It's been a while since I intervened in a discussion between two colleagues. One of them couldn't understand why Germany had no law permitting that the air force shoots a hijacked airliner down before it crashes into a city or even nuclear power plant.
I explained the reasoning approx. like this: We don't do this. We don't weight one life for another and choose to kill someone innocent to save others.
We could, but it is a slippery slope. You wouldn't want to be killed in order to allow the society to harvest your organs to save several ill people's lives, would you?
Well that is the same thing. Kill innocents to save innocents. We don't do this, period.
Besides, the whole political discussion about it was a farce anyway. We still have several nuclear powerplants only a few minutes of flight away from international airports. The air force has fighters on air policing readiness, but they could take half an hour before they would arrive on the scene. Even a 5-minute readiness (the highest standard maintained in peacetime anywhere in NATO as far as I know) would be too slow. An airliner could crash into a nuclear powerplant before flight control could even understand what's going on.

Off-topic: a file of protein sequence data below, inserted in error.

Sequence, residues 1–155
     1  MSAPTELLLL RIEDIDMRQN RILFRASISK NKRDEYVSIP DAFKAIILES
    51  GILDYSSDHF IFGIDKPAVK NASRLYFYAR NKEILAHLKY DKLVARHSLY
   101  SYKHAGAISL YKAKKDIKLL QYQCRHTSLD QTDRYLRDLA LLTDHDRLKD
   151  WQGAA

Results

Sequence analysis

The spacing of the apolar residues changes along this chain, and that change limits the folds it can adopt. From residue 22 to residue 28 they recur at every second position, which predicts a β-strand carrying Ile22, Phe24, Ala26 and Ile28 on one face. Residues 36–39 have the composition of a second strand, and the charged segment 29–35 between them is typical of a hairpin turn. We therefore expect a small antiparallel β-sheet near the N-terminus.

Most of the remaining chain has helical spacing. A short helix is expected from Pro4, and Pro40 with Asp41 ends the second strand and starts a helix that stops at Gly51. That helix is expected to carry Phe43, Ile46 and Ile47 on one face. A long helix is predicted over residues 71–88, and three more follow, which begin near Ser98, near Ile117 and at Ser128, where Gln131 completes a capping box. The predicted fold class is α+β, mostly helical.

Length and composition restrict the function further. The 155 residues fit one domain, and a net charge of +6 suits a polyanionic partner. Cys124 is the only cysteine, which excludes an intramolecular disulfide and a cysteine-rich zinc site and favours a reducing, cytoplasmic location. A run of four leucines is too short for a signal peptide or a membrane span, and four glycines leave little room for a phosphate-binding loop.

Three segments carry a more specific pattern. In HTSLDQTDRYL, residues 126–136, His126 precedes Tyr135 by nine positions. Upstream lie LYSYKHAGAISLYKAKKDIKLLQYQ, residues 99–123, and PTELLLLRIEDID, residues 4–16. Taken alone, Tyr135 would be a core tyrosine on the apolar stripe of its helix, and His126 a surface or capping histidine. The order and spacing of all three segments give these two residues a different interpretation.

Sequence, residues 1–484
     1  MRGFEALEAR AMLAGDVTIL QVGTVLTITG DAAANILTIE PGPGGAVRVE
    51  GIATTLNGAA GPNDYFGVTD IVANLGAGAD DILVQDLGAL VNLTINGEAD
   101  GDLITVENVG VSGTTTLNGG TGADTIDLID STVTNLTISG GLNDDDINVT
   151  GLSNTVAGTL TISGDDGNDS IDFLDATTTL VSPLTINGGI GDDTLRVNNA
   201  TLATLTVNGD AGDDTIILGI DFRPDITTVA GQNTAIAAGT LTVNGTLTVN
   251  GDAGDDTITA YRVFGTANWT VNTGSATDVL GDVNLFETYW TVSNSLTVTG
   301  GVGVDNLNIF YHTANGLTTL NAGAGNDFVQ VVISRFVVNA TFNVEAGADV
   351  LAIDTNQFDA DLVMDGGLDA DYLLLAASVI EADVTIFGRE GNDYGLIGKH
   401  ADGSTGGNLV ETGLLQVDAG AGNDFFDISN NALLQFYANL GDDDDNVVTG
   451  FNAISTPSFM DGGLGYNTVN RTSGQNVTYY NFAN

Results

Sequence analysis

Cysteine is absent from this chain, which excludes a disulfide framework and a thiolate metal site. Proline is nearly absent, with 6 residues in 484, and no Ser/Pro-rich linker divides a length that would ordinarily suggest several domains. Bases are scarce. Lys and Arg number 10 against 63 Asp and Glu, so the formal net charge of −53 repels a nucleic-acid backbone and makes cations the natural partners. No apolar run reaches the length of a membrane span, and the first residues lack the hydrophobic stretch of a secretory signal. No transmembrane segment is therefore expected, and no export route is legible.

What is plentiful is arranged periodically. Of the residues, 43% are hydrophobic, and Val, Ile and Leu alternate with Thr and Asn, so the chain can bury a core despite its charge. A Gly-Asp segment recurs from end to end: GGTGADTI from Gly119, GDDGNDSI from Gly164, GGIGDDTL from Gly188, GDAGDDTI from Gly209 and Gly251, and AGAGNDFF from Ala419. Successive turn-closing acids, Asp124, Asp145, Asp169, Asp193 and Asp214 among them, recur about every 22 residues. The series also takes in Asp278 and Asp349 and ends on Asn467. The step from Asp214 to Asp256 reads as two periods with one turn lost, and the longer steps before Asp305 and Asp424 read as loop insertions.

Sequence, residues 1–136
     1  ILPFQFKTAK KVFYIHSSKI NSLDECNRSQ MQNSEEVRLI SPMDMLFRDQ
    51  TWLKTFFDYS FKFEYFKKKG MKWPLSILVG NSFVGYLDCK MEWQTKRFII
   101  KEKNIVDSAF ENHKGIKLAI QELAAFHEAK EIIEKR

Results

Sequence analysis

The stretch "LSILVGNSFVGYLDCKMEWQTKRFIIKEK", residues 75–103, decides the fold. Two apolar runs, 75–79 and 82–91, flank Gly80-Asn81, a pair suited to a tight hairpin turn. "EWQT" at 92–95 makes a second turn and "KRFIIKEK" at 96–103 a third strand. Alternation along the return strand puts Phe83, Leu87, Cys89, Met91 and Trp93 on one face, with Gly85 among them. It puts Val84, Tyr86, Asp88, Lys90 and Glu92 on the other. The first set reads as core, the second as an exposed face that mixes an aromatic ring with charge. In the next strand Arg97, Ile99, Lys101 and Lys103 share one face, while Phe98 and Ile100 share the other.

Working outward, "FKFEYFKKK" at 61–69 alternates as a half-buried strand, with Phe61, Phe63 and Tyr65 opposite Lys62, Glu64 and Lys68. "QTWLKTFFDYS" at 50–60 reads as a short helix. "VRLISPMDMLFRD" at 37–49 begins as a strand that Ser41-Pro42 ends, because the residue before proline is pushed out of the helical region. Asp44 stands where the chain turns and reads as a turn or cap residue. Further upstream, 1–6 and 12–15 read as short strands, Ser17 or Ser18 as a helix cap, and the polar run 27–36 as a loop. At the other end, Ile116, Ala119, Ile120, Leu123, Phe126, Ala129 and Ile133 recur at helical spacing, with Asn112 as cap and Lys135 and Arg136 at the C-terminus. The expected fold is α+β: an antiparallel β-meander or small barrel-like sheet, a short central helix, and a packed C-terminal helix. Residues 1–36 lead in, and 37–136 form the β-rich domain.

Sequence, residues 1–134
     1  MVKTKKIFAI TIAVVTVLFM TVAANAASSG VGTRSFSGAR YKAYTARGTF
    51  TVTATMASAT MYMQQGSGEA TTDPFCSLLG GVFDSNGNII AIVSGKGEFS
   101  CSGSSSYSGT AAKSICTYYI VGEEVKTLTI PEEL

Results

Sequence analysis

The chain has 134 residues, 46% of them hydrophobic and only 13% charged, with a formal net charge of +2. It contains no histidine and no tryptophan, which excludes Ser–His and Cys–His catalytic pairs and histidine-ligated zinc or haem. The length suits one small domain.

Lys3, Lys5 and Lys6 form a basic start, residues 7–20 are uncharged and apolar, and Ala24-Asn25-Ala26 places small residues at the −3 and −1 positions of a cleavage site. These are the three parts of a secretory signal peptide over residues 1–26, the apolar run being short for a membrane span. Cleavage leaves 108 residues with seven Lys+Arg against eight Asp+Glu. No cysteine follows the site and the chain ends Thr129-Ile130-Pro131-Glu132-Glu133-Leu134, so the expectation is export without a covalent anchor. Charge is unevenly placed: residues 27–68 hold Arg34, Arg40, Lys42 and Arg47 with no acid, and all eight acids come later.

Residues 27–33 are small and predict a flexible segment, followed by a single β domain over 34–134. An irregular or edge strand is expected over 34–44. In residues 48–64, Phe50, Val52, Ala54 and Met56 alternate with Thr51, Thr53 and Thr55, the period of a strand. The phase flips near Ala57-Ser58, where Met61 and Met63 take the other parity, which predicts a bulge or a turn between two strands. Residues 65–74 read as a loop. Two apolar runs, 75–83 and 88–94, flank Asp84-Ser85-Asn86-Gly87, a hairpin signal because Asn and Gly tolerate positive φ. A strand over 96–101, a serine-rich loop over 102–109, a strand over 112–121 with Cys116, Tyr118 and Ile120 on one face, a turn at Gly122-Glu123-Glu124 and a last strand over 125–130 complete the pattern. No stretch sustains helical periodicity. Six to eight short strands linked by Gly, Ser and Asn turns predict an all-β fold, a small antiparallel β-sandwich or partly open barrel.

(I had a post on this years ago, but the graphic was lost in the meantime.)
There is a normative ethics theory called Utilitarianism, and at least some of its versions tell you that if in doubt, you should strive to maximise the net utility of two persons. This sounds all fine, but it is still widely rejected, and for fine reasons:
Let's say person A would benefit by ten points and person B would suffer by one point, should we execute this action?
It depends. Person A could be a psychopath who gets his benefit from enjoying to kill person B, while person B might suffer only from the bad taste of some sedative drink.
This can be complicated by the addition of opportunity costs for person B, but the point remains: We do not maximise the aggregate net benefit, period. It's official by ruling of the constitutional court.